Entrepreneurship: Group expresses commitment to empowering Nigerian women

QNET, the global e-commerce based direct selling company says it is empowering women in Nigeria through entrepreneurship and by providing training, mentorship and education that cultivates valuable skills and knowledge they apply to their direct selling businesses.

Biram Fall, QNET Regional General Manager for sub-Saharan Africa disclosed this in a statement on Wednesday in Lagos at the ongoing firm’s International Women’s Day week.

According to Fall, the International Women’s Day theme of ‘break the bias’ is important in equipping women with the right tools that will enable them to thrive in entrepreneurship.

“Direct selling is providing opportunities for women empowerment in Africa and the world, as a majority of women-compared to men take up the model to boost their income generation.

“Direct selling allows one to become an entrepreneur with little to no investment made and allows for flexibility in time and space, and a simplified work process.

“As a result, the model provides equitable access for women across different ages, education and social backgrounds, and requires honest and hard work to thrive,” he said.

Fall, who insisted that women powered economic sector, added that the World Federation of Direct Selling Associations (WFDSA) indicates that an estimated 74.4 per cent of direct selling representatives across the globe are women.

According to Fall: “Direct selling is providing Nigerian women with the valuable opportunity to balance professional and personal lives on their terms; while enabling them to overcome barriers that often keep them from entrepreneurship — such as a lack of capital, time and skills.

“Through our training, we ensure that our independent representatives, who are mainly women experience hands-on learning and grow their networks too.”

Fall added that the enabled women to contribute to their households and the economy, while serving as a viable platform for improved skills.

While shedding light on the flexible working hours offered through direct selling model, Fall said: “The direct selling business model provides women with the freedom to choose where they work from and when they work.

“The provided flexibility of working hours, unlike nine to five corporate jobs, have enabled women in the direct selling industry to work as desired – thus allowing women to walk the fine balance between work and personal life.”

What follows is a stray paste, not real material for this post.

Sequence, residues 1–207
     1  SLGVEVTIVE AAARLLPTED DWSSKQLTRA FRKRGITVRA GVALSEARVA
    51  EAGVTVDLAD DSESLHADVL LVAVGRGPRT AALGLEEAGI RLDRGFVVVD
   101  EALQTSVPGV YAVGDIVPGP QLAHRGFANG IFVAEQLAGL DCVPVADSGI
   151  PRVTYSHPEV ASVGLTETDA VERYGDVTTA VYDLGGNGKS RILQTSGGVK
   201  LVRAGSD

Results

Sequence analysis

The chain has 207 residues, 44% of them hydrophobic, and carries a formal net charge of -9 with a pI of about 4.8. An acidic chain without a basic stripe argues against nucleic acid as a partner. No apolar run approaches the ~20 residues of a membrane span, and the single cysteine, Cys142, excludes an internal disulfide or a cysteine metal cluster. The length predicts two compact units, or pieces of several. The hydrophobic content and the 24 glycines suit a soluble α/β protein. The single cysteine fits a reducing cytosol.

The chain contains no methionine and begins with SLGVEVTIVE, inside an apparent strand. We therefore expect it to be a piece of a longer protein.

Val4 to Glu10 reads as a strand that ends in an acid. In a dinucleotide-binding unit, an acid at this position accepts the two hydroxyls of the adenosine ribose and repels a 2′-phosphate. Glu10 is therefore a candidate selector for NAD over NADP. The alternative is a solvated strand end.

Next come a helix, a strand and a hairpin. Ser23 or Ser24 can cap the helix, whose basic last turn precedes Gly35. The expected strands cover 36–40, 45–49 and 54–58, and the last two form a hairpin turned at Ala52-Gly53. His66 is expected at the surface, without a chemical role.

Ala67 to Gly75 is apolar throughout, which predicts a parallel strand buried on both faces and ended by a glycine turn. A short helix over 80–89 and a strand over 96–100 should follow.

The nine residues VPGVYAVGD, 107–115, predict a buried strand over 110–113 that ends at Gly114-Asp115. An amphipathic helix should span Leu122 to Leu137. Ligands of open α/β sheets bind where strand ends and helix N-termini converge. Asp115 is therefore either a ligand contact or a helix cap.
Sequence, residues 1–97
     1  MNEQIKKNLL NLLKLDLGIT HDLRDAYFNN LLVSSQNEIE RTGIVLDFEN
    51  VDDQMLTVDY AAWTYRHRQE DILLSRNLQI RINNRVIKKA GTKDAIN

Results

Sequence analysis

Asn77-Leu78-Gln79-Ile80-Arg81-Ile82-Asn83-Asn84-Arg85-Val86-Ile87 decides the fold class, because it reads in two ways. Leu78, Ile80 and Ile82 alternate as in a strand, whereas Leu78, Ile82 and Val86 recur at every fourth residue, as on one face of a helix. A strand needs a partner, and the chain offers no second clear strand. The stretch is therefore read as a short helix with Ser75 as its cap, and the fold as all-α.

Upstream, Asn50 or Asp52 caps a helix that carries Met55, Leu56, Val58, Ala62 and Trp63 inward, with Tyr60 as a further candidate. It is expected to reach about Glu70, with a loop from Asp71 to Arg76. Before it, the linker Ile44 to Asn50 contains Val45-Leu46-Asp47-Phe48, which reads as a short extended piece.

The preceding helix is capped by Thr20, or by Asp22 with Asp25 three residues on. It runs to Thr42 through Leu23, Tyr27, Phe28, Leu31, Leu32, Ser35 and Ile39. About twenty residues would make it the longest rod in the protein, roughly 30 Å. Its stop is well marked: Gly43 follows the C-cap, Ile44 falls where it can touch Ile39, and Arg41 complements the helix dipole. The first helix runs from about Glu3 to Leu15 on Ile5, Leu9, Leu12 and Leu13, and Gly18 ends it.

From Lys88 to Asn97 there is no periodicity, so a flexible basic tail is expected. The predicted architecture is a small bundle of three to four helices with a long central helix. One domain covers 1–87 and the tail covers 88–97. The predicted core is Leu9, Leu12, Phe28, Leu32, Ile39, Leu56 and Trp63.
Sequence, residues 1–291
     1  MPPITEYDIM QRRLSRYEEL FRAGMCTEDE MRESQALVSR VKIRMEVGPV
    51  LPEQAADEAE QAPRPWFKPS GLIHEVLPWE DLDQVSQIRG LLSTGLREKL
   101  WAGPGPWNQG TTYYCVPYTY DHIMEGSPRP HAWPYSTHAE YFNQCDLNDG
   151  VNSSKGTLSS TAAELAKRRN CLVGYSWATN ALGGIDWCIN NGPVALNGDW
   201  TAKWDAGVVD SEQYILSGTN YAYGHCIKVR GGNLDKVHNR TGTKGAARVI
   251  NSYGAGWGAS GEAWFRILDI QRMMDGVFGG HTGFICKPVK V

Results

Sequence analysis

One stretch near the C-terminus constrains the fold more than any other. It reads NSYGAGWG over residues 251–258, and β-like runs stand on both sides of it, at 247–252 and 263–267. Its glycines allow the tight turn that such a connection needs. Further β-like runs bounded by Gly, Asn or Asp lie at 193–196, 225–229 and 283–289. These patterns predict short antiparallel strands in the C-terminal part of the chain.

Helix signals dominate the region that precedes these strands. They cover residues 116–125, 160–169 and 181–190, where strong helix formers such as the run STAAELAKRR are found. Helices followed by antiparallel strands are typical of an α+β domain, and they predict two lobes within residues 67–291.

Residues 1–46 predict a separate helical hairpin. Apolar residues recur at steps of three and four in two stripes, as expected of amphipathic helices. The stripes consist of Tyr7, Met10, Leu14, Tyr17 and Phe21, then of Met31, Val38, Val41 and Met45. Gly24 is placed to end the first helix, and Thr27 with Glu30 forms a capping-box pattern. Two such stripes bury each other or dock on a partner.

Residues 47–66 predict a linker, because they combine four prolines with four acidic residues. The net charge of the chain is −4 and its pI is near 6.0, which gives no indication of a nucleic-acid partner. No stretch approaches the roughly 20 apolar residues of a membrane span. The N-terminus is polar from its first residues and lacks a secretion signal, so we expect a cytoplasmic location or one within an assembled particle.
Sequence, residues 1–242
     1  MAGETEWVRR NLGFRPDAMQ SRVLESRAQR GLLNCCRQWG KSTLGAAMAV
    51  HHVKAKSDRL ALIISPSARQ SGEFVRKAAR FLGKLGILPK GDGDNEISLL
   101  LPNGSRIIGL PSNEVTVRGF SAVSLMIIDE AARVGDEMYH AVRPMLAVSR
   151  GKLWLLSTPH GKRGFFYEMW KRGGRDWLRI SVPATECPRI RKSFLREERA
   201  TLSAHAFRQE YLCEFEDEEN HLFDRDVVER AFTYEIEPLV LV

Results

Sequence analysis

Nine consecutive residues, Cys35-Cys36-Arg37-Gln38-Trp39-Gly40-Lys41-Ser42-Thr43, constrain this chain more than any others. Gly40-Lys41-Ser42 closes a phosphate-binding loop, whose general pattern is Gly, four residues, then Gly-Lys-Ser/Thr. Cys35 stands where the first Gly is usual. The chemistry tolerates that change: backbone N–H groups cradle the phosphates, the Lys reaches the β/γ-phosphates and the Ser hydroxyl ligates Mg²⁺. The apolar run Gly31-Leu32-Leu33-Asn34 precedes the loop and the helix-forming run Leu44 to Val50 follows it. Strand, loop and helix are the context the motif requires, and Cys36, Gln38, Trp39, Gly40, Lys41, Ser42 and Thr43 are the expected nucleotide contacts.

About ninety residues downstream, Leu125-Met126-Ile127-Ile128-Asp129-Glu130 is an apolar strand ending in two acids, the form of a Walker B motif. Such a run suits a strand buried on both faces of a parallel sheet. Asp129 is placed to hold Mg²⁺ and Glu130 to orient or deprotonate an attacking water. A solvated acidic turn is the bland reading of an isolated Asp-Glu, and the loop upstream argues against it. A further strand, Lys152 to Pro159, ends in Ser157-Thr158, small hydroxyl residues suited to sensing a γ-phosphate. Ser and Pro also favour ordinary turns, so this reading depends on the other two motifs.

He explained that direct selling was an innovative income generating solution that contributes to removing some barriers faced by women in other entrepreneurship platforms.

Fall hinted that the International Finance Corporation (IFC) among others agreed that women played a critical role in the global economy as entrepreneurs.

“They help create jobs, generate income, and boost revenue—driving economies while reducing inequalities between women and men.

“A report by IFC further indicates that in many emerging economies, women are starting businesses at a faster rate than men, significantly contributing to the economic growth.

“This is despite the fact that women face greater obstacles in almost all spheres of economic activity—from access to finance and assets to technology and peer-to-peer networks.

“On average, women have just three-fourths of the legal rights afforded to men, according to the World Bank Group’s Women, Business and the Law report of 2021,” he added.

Fall decried that in some countries, women could not register a business, sign a contract, or open a bank account.

He said that with direct selling, however, anyone could become an entrepreneur if the right mindset was adopted.

“Success here, as with any other business, is tied to discipline and dedication,” Fall stated.

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